April 11, 1806
I have been requested to state you if asked my opinion of the capacity and standing as a lawyer of Mr John L. Leib of Philadelphia, accident having prevented my waiting on you personally as I had proposed this day, I have taken the liberty of addressing you in this form—Mr. J. L Leib, is much more experienced than either of the young men whom I have heard named; he has had a very Extensive practice which I believe he owed more to his fidelity and a species of pride that rendered him unfit for the dirty work of the profession; he is not an Eloquent man, but he is a man of good taste and very independent mind—He has been on that account removed from a situation which he held in one of the Courts of Philadelphia—These facts I speake from personal Knowlege, and represent to you as well in compliance with the request made as from a personal regard for the man.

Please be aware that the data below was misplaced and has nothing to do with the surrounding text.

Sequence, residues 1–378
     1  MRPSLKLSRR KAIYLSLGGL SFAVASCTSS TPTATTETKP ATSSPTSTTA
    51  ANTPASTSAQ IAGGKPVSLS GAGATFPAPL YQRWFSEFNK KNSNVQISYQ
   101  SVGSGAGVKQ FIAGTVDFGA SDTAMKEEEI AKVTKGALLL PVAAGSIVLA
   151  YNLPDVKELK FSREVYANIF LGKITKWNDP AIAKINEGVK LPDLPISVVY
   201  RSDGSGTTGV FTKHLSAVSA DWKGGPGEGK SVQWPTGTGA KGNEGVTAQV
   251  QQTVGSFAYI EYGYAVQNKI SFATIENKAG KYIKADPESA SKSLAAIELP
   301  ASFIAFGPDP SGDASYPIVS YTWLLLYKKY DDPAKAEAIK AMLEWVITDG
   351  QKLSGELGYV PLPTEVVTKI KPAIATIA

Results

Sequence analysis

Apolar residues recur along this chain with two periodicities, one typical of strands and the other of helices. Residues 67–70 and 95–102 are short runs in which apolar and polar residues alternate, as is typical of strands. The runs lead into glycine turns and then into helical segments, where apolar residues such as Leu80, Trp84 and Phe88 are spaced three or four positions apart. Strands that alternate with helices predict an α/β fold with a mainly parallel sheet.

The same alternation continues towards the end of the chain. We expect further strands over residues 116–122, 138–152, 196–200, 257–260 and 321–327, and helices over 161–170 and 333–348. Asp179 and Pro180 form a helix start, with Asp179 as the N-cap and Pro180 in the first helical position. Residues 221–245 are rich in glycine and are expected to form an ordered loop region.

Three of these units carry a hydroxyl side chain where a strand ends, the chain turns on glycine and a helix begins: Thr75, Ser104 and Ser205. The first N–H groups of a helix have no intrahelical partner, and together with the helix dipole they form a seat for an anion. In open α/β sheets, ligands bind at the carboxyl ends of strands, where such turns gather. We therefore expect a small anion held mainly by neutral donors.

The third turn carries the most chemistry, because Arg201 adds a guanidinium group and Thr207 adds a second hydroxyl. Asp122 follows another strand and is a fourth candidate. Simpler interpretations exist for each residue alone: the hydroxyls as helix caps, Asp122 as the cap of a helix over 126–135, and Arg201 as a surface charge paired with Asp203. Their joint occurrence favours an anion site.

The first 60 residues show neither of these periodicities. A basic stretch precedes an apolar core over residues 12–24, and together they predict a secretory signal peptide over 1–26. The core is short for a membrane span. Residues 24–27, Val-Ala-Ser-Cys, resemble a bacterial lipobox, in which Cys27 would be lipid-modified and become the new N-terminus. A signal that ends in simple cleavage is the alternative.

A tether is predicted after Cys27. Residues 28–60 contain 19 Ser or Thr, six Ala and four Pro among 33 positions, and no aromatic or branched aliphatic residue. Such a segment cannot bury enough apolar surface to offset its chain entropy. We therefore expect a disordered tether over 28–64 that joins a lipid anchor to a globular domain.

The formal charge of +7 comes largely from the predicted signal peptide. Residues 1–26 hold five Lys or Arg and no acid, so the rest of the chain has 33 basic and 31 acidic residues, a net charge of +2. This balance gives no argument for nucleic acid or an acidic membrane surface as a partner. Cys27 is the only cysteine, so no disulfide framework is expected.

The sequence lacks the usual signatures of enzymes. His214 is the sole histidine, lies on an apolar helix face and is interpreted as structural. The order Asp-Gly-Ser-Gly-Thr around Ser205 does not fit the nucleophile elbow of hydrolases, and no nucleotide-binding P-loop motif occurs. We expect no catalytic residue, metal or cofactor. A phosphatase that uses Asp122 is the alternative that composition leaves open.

I propose either before I return to Philadelphia or very soon after, laying before you, a statement of political matters which have fallen within my view during my stay here in the present session of Congress, and after a free and unusually frequent intercourse with active political charcters here—such as will at least afford some ideas of the impressions made on my mind by the state of things and of what I conceive likely to be the result.
I am respected Sir, with affection & attachment Your obt St
DNA: RG 59—LAR—Letters of Application and Recommendation.